The development cycle of a free-to-play game never comes to an end. Once a game is released, the real work starts. The game analytics team provides the product team with a comprehensive overview of the early behaviour of the players, and the game designers monitor those metrics and come up with ideas for tests and alterations to the game. The field of free-to-play games is changing rapidly and mechanics that worked in the past might not work today. Additionally, each and every game is different, and knowledge from one game might not be transferable to another. Therefore, game analytics are a crucial part of the game development process in providing fresh, up to date insight about the players, what they like and what they do not like about the game in order to create a game that the customers really want and enjoy playing over a long period of time.
This short overview of game analytics only scratches the surface of the topics that are involved in the field. Several people with varying disciplines may work together as an analytics team. You will need engineers that take care of the development of tools and provide an architecture to store data. You will need analysts that are passionate about digging into the data to find patterns, providing dashboards for reporting, and communicating their insight effectively to the other departments. Lastly, you will need a data scientist or statistician that can aid in the development of more advanced algorithms in order to analyse massive amounts of data and to verify test results scientifically.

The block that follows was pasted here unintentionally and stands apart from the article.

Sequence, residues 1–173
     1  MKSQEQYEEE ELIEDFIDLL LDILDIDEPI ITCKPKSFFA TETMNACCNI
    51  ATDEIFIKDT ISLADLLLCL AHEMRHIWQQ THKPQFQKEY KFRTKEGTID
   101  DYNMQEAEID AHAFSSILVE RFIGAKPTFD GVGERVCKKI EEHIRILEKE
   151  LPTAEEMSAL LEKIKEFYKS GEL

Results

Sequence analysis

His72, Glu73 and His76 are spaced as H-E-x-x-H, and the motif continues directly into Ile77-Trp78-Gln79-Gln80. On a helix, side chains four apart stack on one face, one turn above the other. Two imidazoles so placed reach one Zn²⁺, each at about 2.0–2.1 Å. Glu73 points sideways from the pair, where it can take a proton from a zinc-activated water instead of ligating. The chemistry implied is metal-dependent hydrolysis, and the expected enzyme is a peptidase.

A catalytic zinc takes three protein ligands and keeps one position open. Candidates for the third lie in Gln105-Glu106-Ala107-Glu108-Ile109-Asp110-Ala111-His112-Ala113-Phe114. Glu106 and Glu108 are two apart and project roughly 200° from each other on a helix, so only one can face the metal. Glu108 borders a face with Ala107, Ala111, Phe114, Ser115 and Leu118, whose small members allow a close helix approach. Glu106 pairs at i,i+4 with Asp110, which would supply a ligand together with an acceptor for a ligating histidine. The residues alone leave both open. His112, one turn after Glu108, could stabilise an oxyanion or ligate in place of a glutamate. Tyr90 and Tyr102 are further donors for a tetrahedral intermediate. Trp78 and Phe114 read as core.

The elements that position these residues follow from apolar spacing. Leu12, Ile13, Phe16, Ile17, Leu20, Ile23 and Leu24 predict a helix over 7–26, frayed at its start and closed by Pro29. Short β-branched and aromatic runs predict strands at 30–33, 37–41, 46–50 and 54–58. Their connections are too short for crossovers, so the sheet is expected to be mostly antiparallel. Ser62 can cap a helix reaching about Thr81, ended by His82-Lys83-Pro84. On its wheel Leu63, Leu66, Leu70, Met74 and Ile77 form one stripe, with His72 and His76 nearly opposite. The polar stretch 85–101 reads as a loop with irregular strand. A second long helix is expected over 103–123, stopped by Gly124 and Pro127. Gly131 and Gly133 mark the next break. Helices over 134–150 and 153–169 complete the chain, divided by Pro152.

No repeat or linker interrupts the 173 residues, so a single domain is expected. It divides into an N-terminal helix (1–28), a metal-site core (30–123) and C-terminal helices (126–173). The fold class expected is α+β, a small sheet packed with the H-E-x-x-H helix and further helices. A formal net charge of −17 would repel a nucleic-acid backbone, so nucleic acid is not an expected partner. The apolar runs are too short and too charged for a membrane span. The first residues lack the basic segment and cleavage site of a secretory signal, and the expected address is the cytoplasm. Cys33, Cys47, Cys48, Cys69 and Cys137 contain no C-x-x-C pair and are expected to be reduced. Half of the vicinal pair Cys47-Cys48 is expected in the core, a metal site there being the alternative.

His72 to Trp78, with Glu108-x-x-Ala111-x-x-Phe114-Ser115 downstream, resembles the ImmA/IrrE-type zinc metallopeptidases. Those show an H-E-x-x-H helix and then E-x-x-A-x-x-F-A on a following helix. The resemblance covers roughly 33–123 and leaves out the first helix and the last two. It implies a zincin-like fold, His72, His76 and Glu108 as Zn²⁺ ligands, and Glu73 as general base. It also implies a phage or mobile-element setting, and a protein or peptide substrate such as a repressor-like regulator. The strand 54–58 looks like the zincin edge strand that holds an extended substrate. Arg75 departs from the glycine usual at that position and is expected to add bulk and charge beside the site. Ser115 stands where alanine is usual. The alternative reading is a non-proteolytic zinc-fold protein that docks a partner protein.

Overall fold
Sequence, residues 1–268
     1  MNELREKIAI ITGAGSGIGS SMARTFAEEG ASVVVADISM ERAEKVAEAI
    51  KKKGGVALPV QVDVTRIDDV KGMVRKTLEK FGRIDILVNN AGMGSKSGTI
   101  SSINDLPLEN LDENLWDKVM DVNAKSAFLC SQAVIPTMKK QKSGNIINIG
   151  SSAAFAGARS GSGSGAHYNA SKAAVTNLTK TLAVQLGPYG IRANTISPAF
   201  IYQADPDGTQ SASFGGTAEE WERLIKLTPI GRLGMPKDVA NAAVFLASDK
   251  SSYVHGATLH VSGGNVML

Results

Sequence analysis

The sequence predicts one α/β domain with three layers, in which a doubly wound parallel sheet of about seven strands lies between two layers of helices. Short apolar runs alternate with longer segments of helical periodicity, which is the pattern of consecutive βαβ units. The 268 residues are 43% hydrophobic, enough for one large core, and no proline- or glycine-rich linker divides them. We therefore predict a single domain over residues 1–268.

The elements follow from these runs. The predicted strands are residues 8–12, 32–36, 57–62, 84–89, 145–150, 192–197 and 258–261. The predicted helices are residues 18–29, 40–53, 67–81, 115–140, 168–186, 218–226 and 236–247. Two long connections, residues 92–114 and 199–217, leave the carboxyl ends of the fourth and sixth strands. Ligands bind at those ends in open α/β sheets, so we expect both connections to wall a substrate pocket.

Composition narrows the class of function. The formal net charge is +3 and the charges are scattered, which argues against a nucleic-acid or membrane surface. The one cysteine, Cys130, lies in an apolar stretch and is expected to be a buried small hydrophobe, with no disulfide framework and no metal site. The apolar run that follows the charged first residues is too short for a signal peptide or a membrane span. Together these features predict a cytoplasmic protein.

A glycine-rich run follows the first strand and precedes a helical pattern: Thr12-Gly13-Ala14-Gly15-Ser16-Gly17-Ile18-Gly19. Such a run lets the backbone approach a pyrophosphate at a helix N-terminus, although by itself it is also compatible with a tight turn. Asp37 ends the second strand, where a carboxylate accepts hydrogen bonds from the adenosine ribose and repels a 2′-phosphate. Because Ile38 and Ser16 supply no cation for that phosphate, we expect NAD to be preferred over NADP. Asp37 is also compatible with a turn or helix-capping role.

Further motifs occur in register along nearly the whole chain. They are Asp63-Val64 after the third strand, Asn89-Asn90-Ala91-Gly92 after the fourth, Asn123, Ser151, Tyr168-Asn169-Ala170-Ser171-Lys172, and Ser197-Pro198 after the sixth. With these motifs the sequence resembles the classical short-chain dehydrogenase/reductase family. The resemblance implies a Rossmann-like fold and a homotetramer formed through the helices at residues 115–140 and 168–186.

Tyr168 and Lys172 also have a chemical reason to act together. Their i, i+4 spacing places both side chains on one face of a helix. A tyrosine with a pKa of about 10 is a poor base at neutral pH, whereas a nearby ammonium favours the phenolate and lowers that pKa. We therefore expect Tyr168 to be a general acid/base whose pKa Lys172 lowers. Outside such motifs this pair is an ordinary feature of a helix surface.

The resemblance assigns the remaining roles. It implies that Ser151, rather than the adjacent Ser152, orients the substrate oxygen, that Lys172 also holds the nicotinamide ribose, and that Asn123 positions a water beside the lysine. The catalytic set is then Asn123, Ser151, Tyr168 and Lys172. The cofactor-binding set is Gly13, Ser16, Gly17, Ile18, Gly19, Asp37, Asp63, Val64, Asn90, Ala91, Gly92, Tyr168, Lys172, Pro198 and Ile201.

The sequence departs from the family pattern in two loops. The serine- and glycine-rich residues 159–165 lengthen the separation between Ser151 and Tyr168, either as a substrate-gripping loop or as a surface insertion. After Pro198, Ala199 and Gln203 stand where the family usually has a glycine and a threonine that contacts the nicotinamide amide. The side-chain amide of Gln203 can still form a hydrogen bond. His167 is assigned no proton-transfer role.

People working in the game analytics department should have a strong passion for gaming. Analysing pure numbers will never be as effective as being able to combine the data with your vast experience as a gamer in order to verify hypotheses and to come up with ideas for improving the game. Hard skills that are beneficial in this domain are the knowledge of Excel, visualization software like Tableau, and being able to query the database via SQL statements. Also, more and more analysts need to be able to use statistical software like SAS or RapidMiner. Even better is when they can produce their own algorithms and models in R or Python. Hard skills aside, someone working in the game analytics department needs to be able to communicate with people and to convince others of their ideas through well researched, creative, yet ultimately data driven presentations. Game analytics only add true value to the company when people are using the insights gained. The impact, however, can be highly profitable and tangible. Game analytics is a fascinating field in the game industry that will shape the way games are made for many more years to come.
Written by Damian Lilla, Head of Business Intelligence at TSG